The rotor may include at least one first reinforcing rib formed on a bottom surface of the molding to reinforce the rotor, and at least one second reinforcing rib formed on an outer surface of the molding opposite to the bottom surface of the molding to reinforce the rotor, wherein a length of the second reinforcing rib in a direction in which a radius of the rotor increases may be greater than a length of the first reinforcing rib.

The first reinforcing rib and the second reinforcing rib may be radially disposed with respect to a center of rotation of the rotor.

The magnets may include a first magnet and a second magnet forming magnetic fluxes in opposite directions toward one of the rotor cores disposed therebetween.

The magnetic fluxes from the first magnet and the second magnet may be introduced into the one of the rotor cores disposed between the first magnet and the second magnet, combined, and discharged toward the stator.

In accordance with another aspect of the present disclosure, a washing machine includes a body, a tub disposed in the body, a drum rotatably disposed in the tub, and a motor including a stator fixed to a rear surface of the tub and a rotor rotatably disposed inside the stator, wherein the rotor includes a plurality of magnets arranged in a circumferential direction of the rotor, a plurality of rotor cores alternated with the magnets in the circumferential direction of the rotor, magnetic fluxes formed at the magnets being concentrated at the rotor cores, and a molding to support the rotor cores and the magnets and define an accommodation space to accommodate an inner magnetizing yoke to magnetize the magnets, wherein, when the inner magnetization yoke is accommodated in the accommodation space, a gap between one surface of the inner magnetizing yoke adjacent to a bottom surface of the molding and one surface of the magnets adjacent to the bottom surface of the molding is smaller than 1/10 a length of the magnets.

When the inner magnetization yoke is accommodated in the accommodation space, an outer circumferential surface of the inner magnetizing yoke may be disposed parallel with an inner circumferential surface of the molding.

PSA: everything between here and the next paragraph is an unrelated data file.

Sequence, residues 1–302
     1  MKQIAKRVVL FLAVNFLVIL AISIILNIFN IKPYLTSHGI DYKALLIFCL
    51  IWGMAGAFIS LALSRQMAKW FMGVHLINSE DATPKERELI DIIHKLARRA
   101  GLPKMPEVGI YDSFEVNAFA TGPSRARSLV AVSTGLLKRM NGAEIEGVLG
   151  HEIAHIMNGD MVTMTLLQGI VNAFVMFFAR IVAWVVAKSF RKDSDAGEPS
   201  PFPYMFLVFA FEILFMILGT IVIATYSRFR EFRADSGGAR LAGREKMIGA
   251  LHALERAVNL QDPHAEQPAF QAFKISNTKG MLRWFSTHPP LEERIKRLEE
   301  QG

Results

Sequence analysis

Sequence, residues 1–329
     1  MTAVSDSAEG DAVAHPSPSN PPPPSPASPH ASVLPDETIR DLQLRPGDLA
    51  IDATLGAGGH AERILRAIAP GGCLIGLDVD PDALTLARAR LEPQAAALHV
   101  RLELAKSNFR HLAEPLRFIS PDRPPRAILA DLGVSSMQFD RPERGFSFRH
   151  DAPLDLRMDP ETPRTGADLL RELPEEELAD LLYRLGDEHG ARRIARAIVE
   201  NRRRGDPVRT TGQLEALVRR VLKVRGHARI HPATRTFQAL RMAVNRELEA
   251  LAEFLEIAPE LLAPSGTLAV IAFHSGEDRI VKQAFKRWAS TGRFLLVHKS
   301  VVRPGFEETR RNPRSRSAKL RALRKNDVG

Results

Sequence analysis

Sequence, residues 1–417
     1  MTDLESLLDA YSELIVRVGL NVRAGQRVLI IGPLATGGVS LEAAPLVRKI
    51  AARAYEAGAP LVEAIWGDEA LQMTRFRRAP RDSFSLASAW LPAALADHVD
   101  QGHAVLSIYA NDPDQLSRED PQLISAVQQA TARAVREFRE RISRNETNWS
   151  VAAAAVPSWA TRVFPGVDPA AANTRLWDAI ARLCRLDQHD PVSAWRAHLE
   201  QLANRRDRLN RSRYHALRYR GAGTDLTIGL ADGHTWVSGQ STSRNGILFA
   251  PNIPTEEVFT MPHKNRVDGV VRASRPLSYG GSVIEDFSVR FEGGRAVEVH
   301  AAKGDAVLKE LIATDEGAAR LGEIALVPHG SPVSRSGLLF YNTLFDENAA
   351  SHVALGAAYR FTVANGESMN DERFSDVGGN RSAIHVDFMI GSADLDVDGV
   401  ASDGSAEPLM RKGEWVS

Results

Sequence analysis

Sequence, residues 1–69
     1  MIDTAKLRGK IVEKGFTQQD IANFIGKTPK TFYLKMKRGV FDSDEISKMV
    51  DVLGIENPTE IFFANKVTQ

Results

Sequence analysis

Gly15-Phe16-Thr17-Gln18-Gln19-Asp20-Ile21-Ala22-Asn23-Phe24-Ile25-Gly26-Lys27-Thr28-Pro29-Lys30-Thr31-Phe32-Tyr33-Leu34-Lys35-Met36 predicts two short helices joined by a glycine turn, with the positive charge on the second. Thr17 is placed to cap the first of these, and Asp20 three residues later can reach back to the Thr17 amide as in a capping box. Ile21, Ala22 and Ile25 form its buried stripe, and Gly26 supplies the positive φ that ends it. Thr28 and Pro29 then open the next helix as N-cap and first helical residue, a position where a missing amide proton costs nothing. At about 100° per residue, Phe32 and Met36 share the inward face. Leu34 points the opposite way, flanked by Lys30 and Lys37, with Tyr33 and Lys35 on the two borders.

When the inner magnetization yoke is accommodated in the accommodation space, a gap between an outer circumferential surface of the inner magnetizing yoke and an inner circumferential surface of the molding may be between about 0.5 mm and about 3 mm.

An inner circumferential surface of the molding may be substantially perpendicular to the bottom surface of the molding.

BRIEF DESCRIPTION OF THE DRAWINGS

These and/or other aspects of the disclosure will become apparent and more readily appreciated from the following description of the embodiments, taken in conjunction with the accompanying drawings of which:

FIG. 1 is a view illustrating a washing machine according to an exemplary embodiment of the present disclosure;

FIG. 2 is a view illustrating a tub and a stator and rotor of a motor of the washing machine according to the exemplary embodiment of the present disclosure, in which the tub, stator and rotor are separated from each other;

FIG. 3 is a perspective view of the stator of FIG. 2;

FIG. 4 is an exploded perspective view illustrating constituents of the stator of FIG. 3, which are separated from each other;

FIG. 5 is an exploded perspective view of FIG. 4 taken at a different angle;

FIG. 6 is an enlarged view of section ‘A’ of FIG. 4;

FIG. 7 is an enlarged view of section ‘B’ of FIG. 2;

FIGS. 8 and 9 are perspective views of the rotor of FIG. 2;

FIG. 10 is a cross-sectional view taken along line I-I of FIG. 9;

FIG. 11 is a plan view illustrating the rotor cores and the magnets of the rotor of FIG. 2;

FIG. 12 is an enlarged view of section ‘C’ of FIG. 11;

FIG. 13 is a view illustrating coupling of a molding to the rotor cores and the magnets shown in FIG. 12;

FIG. 14 is a perspective view illustrating arrangement of the magnetization yokes at the inside and outside of the rotor of FIG. 2;

FIG. 15 is a cross-sectional view taken along line II-II of FIG. 14; and

FIG. 16 is a partial cross-sectional view taken along line III-III of FIG. 14, illustrating magnetization of the magnets by the magnetization yokes.

DETAILED DESCRIPTION

Reference will now be made in detail to the embodiments of the present disclosure, examples of which are illustrated in the accompanying drawings, wherein like reference numerals refer to like elements throughout. Hereinafter, a description will be given of a washing machine with a motor, which is applicable to all kinds of apparatuses including an air conditioner, an electric vehicle, a light rail transit system, an electric bicycle and a small generator that employ a motor as a power source. Hereinafter, a washing machine will be described as an example of application of the motor.

FIG. 1 is a view illustrating a washing machine according to an exemplary embodiment of the present disclosure.

As shown in FIG. 1, the washing machine 1 includes a cabinet 10 forming the external appearance of the washing machine 1, a tub 20 disposed within the cabinet 10, a drum 30 rotatably disposed in the tub 20, and a motor 40 to rotate the drum 30.

The front portion of the cabinet 10 is provided with an inlet 11 through which laundry may be inserted into the drum 30. The inlet 11 is opened and closed by a door 12 installed at the front of the cabinet 10.